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M6 - Nuclear Deterrent
Mr Speaker, I beg leave to offer the House the following Motion:

Quote:That this House supports the continued existence of the United Kingdom’s nuclear deterrent, recognizes its essential role to national security, and supports the construction of a fourth Vanguard-class submarine.
Mr. Speaker,
It is the ultimate responsibility of any government to ensure the safety and security of our people and our nation. Ever since the detonation of our first atomic device in 1952 – Operation Hurricane -, and with the development of a policy of an independent nuclear deterrent in the 1950’s, said deterrent has been a vital component of our national defence and security, and it has been further strengthened and developed thanks due to tireless work of different and subsequent governments which understood the significance, importance and responsibility that comes with being of the world’s nuclear powers. Today, we invoke this fact to present this motion, to seek the support of this House not only for the principle of the continued existence of the British nuclear deterrent, but for an important upcoming decision which we hope may transcend parties and ideologies.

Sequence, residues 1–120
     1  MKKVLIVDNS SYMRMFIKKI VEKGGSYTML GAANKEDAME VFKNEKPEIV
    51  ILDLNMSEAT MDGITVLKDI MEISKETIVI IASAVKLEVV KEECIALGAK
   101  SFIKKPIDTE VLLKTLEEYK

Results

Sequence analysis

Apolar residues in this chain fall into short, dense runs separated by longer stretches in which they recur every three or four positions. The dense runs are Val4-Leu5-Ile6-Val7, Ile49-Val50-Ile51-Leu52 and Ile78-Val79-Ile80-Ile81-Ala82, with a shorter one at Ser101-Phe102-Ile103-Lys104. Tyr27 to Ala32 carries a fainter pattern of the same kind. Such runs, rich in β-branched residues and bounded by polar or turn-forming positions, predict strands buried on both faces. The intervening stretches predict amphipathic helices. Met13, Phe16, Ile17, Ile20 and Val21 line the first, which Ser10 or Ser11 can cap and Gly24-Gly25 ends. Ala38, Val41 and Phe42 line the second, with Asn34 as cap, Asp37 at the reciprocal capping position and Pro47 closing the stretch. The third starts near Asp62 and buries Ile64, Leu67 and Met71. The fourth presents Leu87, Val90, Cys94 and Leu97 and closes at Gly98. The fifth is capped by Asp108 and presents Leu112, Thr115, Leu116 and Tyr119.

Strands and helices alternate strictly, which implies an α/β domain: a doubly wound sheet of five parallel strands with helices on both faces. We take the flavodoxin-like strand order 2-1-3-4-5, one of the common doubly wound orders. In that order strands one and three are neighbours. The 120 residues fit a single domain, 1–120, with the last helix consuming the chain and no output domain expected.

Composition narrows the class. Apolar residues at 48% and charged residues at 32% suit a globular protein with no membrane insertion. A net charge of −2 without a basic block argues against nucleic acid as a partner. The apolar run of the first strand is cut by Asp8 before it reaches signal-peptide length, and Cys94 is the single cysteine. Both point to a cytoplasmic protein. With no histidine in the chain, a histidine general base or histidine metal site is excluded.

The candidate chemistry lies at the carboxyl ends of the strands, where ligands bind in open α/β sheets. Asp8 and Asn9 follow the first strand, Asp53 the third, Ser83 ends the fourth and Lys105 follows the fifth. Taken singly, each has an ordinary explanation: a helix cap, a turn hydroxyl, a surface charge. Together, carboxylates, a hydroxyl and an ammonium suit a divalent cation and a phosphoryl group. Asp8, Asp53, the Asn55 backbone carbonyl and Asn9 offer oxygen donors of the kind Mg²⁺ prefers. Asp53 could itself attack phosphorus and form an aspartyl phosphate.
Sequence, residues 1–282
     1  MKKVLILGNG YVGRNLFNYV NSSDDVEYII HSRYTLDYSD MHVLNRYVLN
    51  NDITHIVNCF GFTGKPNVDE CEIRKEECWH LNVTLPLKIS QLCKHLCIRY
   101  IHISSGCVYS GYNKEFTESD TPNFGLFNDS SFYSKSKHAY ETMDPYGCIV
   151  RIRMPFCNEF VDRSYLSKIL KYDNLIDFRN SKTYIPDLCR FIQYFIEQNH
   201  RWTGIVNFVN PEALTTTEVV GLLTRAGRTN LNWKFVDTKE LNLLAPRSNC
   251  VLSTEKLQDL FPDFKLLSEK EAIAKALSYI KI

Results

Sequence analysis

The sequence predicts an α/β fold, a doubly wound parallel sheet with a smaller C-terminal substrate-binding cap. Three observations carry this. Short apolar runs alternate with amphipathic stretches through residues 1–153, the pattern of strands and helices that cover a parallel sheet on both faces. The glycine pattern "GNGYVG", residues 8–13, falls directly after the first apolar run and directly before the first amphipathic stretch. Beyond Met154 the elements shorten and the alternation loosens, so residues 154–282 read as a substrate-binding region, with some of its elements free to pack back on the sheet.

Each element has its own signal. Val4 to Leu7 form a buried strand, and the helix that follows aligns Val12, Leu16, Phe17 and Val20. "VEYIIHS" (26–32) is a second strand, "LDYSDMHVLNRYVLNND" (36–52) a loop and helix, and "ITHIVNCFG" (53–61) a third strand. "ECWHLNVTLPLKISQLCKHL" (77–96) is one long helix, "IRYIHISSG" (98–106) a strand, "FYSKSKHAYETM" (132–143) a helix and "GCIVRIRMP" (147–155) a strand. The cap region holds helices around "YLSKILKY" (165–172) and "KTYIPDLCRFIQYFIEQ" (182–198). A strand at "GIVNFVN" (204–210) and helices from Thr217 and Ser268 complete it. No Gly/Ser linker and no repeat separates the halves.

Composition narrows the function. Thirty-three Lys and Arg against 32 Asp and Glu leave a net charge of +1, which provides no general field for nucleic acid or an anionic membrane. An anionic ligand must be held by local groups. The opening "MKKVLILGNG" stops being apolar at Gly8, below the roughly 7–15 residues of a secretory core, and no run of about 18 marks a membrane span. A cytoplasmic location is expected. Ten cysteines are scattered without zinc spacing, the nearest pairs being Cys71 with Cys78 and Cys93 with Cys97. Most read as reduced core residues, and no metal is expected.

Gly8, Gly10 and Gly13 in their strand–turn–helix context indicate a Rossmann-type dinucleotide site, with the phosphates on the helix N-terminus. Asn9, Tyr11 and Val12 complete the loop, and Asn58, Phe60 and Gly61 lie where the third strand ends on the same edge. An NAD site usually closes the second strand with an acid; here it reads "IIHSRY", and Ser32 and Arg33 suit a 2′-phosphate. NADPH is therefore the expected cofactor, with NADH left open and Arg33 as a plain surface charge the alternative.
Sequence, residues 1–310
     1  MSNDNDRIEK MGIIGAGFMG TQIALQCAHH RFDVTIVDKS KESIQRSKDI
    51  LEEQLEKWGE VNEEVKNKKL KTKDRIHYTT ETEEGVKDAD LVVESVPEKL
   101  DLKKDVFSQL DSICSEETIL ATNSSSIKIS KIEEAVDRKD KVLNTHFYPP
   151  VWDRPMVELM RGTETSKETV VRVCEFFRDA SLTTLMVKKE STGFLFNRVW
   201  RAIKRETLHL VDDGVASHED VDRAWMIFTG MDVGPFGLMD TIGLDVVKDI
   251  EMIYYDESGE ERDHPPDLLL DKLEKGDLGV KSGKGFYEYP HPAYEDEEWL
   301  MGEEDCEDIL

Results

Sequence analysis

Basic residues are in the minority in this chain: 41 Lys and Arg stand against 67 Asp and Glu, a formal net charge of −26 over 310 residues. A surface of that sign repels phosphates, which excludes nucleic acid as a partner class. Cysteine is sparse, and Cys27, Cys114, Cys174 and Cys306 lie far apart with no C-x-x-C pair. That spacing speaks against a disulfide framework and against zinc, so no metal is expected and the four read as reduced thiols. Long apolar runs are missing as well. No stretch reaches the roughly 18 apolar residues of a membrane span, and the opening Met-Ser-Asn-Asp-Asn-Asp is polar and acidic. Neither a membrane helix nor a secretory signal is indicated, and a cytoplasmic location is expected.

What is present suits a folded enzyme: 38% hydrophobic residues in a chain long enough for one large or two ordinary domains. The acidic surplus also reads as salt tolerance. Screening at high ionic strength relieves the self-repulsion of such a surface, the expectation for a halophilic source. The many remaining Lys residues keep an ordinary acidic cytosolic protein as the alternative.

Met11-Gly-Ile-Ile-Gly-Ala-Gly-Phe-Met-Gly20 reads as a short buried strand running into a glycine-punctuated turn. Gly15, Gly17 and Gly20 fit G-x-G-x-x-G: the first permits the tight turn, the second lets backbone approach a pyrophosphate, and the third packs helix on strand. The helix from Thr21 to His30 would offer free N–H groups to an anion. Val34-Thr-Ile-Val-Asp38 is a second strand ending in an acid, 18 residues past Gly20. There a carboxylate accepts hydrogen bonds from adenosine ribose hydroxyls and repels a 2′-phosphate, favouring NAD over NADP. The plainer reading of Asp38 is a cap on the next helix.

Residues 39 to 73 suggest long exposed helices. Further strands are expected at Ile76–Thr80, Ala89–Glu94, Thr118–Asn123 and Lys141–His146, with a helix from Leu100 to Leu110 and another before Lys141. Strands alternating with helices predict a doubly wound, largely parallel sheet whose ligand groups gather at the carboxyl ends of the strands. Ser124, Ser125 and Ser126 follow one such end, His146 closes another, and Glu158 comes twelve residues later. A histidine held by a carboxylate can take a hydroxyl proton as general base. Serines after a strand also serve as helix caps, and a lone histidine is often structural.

Mr. Speaker, I will not waste the time of the House by going into excessive detail as to the subject of Trident and our new, vibrant Vanguard-class submarines, but I will place particular emphasis on their relevance as the key component of the nuclear deterrent. The world is evolving rapidly. This is a fact which we cannot wilfully ignore ordismiss. Today’s threats are different than those of yesterday, and tomorrow’s threats will be different than the ones we face on this very moment. But even  if the situation in Eastern Europe continues to evolve and hopefully does so in a positive dimension for those of us who love liberty and democracy, such events would in no way constitute a credible excuse for entertaining irresponsible notions of dismissing our nuclear deterrent.